I'd like for someone to go back and ask Danner and Sandberg about all this; wouldn't you?

In any case, it's telling that Danner speaks of Rocketship as if it were an eventual profit-making scheme for investors. It's also telling the Sandberg's husband, even though he lives in California, has involved himself in local, urban school-board politics in New Jersey:
Why would California multi-millionaires be interested in a school board race in the small city of Perth Amboy, NJ?

It seems absurd, and yet it's true: four wealthy Californians and one wealthy Coloradan - heavy hitters in the tech, financial, and health care sectors - have contributed tens of thousands of dollars to a slate of candidates running for the school board in Perth Amboy, a city of 50,000 with a majority Hispanic population.

A look at the contributors provides us with clues:

- Greg Penner, Atherton CA; $8,000 donation. Penner is the Founder of Madrone Capital Partners and a well-known conservative activist. Married to Walton fortune heiress Carrie Walton Penner, Greg Penner sits on the boards of Teach For America and The Charter School Growth FundCSGF invests in charter management organizations around the country, including the KIPP network and Nobel charter schools. As I've written previously, both KIPP and Nobel have reputations for managing schools that serve substantially different student populations than their neighboring public schools.

CSGF is also an investor in Rocketship Education; see below.

Arthur Rock, San Francisco CA; $8,000 donation. Rock is a well-known venture capitalist who also serves on the board of TFA and is an active funder of KIPP. Rock has invested in the Rocketship Education, a "hybrid" school that features extensive use of computerized instruction and, consequently, has a smaller faculty than regular public schools. Larry Miller found that Rocketship had large student attrition rates and smaller percentages of special needs students than its neighboring public schools (Rocketship responds to Miller here).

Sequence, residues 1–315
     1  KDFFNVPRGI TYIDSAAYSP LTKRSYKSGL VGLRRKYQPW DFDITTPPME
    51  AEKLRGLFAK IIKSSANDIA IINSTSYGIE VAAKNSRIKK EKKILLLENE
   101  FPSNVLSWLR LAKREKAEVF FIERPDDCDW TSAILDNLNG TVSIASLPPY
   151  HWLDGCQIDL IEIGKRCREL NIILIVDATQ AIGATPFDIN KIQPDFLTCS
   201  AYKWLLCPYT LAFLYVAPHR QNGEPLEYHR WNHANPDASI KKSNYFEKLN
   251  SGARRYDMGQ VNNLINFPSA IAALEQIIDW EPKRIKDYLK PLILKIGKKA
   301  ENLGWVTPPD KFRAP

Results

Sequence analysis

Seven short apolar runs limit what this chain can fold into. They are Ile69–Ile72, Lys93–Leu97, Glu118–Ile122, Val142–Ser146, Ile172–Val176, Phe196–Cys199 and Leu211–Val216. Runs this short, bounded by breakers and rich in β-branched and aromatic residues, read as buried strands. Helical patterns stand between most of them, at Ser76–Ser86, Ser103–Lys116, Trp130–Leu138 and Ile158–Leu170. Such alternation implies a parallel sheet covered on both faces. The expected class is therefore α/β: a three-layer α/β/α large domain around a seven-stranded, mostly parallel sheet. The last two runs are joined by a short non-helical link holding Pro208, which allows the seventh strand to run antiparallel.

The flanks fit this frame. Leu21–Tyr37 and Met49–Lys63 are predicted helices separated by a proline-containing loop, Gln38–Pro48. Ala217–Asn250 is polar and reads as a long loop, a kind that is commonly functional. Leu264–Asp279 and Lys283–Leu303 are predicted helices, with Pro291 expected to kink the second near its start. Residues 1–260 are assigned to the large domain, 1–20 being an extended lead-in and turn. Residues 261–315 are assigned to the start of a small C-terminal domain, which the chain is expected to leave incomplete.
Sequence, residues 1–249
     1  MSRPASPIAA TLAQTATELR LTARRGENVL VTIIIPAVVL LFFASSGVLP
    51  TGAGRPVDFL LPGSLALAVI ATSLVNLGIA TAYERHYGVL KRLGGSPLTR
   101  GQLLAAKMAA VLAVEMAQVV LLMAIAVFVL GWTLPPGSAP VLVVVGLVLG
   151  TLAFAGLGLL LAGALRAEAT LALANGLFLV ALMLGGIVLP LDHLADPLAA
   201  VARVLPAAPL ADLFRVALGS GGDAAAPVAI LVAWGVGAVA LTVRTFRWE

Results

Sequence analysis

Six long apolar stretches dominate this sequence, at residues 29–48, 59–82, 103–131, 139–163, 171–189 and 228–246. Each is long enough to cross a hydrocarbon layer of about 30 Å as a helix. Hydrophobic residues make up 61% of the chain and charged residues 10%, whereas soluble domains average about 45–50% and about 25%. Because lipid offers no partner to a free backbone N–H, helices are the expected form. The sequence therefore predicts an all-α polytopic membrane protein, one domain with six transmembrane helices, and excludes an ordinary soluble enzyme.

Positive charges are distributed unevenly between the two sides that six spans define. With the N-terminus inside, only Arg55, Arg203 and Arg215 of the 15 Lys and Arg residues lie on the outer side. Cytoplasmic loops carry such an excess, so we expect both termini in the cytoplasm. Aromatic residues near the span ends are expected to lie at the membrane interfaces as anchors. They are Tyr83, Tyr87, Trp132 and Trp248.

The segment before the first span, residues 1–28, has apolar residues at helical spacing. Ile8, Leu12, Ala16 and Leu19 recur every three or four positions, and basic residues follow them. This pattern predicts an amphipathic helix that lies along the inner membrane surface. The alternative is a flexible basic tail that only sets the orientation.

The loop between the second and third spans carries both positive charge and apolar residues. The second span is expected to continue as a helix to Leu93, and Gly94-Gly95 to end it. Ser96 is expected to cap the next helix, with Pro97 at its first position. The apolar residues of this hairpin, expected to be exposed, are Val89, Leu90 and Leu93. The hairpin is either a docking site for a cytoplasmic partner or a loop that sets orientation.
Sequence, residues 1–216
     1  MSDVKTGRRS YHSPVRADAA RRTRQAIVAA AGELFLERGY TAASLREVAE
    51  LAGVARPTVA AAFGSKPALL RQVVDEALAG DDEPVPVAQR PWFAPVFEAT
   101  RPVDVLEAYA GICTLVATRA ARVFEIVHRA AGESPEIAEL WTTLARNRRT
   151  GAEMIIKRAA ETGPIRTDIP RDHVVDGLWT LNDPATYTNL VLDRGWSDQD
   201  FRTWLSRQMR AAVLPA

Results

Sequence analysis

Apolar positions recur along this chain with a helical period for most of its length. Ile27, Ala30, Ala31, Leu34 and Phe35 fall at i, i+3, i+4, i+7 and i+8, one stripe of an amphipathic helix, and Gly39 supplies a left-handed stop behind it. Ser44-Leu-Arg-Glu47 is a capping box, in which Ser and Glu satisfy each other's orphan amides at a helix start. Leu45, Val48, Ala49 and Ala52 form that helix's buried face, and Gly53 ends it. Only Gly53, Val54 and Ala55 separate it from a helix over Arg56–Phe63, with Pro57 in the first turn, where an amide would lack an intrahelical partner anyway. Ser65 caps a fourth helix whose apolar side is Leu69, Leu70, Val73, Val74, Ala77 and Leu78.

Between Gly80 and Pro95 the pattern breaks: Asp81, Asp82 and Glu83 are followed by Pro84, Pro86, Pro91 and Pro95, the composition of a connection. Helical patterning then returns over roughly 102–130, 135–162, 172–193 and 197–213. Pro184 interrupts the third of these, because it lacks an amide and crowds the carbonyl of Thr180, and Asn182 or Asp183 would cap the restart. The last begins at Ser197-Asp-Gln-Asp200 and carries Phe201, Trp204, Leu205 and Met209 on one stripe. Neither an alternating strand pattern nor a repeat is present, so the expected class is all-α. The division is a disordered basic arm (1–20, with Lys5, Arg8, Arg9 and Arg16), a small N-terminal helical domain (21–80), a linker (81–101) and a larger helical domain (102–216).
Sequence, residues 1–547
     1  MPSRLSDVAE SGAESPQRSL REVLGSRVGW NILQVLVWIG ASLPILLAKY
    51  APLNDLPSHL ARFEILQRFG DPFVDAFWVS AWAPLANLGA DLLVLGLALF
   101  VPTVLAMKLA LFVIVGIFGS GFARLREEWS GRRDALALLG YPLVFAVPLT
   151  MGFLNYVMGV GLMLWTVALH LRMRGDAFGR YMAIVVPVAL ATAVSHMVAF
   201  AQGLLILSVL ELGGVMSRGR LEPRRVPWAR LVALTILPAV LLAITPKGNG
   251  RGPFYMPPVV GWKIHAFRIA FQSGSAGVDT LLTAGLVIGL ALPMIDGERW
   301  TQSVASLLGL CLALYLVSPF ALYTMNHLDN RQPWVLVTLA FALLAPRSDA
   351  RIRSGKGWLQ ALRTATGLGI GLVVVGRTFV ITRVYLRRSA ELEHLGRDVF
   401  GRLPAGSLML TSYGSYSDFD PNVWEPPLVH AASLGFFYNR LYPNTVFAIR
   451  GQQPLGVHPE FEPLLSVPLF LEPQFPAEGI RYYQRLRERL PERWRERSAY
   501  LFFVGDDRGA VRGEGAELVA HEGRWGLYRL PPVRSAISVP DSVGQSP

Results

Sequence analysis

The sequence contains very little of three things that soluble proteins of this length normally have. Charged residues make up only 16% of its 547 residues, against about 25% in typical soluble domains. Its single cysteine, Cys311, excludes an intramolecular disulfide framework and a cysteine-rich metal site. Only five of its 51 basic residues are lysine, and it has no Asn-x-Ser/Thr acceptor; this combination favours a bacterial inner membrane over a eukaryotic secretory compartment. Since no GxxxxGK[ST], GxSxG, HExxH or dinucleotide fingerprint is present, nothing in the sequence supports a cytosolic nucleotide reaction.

- David Goldberg, Atherton, CA; $8,000 donation. Goldberg is CEO of SurveyMonkey; his wife is Sheryl Sandberg, COO of Facebook. Both are partners, along with Rock, in Rocketship Education.
So three Rocketshippers gave money in a school board race in Perth Amboy, and one was married to Sandberg, another Rocketshipper. Remember, the district had (and maybe still has - I'll look into it) a large contract up for approval with School of One, a provider of on-line instruction. Regular readers will also remember that K-12, another on-line provider, was chaired by Andrew Tisch, one of Mayor Cory Booker's biggest supporters, and is expanding into the city this year.

Is it possible that we're seeing a turf war going on between folks who want to get in on the ground floor for providing on-line instruction to New Jersey's students? Right across the Delaware, Pennsylvania has seen a proliferation of these educational, fiscal, and legal disasters posing as schools. But the money's been good: are all these corporate titans simply staking their claims in the cyber charter gold rush?

Or is this really all about the children? As NJDOE Commissioner Chris Cerf says, is it "palpable, ridiculous nonsense" to even address this subject?

You tell me.

Dave, I can't wait to get to Newark...

ADDING: A little more about how Zuckerberg came up with the big bucks to fund his excellent adventure into Newark.

ADDING MORE: Jim Horn has some special insight into Rocketship. More in a bit.


Ken Houghton said...

"Time for my first caveat: I know less about high finance than probably anyone on the planet. Maybe the guy above from Forbes is full of beans; I wouldn't know."

The public offering of the "IPO" was not more than 5% of Facebook.

Microsoft, judging from this, initially intended to offer just over 10% of the company, and may have ended up offering about 15%.

Google's offering is closer to that of Ford Motor--two-tier stock so that voting control of the company remained with the founders. But their IPO also looks like more than 10% of the company ($2.7B offer, poss mkt value of $24B).

So it appears safe to say that FB offered less than half the possible value that MSFT and GOOG did--even if you ignore that, especially in GOOG's case, the offering was made in a more reasonable manner than Facebook's.

Duke said...

Thx, Ken. Seems to me that confirms the Forbes guy's story. I included the vid at the bottom of the post to shore up this idea, but as I said, I'm admittedly the last guy to make an informed judgement on this. Unlike many in the media, I have learned to accept my limitations. Appreciate your insights.

Happy New Year to you and yours!